Saturday, November 26, 2011

Sons of Oden

With thanks to Manowar for the post title!

Tonight the weather here in Central Texas is a blustery, dry pre-winter cold that causes me to miss the northern climes (and real seasons for that matter) every year. Things are decidedly looking up, however, because I made oden tonight!

Oden is a staple of Japanese cuisine, especially in the cooler climates at the cooler months. The basics of it are that a family puts a bunch of related ingredients in a donabe and simmers them until they've mellowed and combined their flavors. Some of the most stereotypical things to include are easily available in small frozen trays in Japanese convenience stores and grocers. Heck, according to the internet, there are even canned single servings available from vending machines in major cities!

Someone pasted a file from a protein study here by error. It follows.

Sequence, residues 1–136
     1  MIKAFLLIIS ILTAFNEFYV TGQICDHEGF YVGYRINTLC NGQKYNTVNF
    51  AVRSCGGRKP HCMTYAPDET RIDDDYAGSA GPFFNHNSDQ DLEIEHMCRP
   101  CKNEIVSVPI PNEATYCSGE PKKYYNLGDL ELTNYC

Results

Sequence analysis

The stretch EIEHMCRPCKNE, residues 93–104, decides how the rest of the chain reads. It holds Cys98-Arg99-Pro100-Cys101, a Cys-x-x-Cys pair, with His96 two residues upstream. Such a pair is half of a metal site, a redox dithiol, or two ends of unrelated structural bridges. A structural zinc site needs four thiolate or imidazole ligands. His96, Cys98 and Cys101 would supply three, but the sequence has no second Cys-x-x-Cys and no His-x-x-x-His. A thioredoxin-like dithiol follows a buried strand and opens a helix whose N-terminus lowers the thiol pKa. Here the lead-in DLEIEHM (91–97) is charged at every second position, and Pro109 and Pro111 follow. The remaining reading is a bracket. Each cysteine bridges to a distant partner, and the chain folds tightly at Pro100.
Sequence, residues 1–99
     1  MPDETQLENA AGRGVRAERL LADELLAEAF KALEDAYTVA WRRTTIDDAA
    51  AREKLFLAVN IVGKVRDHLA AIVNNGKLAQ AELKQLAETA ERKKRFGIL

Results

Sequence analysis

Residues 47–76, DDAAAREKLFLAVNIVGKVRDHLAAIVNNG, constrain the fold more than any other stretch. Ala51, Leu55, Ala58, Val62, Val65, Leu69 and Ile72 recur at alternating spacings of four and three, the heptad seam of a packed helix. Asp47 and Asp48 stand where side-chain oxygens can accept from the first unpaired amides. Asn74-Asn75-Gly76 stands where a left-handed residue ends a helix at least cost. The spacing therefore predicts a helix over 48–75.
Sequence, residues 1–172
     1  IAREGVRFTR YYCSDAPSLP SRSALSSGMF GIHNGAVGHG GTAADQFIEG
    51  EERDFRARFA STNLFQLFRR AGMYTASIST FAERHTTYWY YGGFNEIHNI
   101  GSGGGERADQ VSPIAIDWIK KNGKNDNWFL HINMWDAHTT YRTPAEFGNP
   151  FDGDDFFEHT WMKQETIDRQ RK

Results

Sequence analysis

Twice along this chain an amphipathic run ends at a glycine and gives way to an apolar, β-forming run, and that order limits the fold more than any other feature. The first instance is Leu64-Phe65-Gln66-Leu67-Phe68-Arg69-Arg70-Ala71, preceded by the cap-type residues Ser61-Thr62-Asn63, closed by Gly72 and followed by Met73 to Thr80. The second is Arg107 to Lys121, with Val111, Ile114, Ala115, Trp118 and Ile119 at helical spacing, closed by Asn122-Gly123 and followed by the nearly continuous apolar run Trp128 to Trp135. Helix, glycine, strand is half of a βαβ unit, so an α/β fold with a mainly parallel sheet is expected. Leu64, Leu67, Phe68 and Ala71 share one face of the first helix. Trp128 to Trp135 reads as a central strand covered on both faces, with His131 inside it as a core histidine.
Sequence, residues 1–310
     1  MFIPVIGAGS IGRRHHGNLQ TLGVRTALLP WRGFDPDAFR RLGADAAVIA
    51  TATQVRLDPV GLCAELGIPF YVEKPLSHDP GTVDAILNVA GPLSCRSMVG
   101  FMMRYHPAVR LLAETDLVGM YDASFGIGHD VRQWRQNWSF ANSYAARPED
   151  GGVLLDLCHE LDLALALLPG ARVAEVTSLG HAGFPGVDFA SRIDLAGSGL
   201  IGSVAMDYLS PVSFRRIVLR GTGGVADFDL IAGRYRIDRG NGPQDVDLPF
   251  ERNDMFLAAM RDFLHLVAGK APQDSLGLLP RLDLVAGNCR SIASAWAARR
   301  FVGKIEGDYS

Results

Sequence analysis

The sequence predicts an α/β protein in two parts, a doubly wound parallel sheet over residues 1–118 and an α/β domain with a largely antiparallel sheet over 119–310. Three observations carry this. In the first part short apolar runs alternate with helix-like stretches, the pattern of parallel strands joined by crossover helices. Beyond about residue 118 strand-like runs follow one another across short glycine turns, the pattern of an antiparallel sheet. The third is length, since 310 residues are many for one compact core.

The wife and I purchased our smallish package of basic ingredients for about $3 US. Very straightforward, it has the time-consuming elements already contained within - fried goodies and a concentrated packet of "oden dashi (the soup base it simmers in). Following the instructions, I soaked my sand pot in some water for a bit first, then brought 800 ml of water to a simmer before adding all the ingredients. The package (made by Shirakiku) contained two of each of the major types of surimi based things and some good sized ganmodoki. I added some slivers of young bamboo shoots, several rounds cut from a daikon, two eggs, and a third of a block of sliced konnyaku to the pot.

To round it out, my serving included about a half a teaspoon of karashi, or hot "Chinese" mustard, and both the wife and I enjoyed Asahi "Super Dry" beer with our dinner.

It was immensely enjoyable! My favorite part had to be the gobomaki (burdock root rolled and cooked in fish paste), although the ganmodoki had to be a close second. I think that the next time I make this I'll be adding a lot more ingredients, and soon we'll find a combination that is exclusively our household's!

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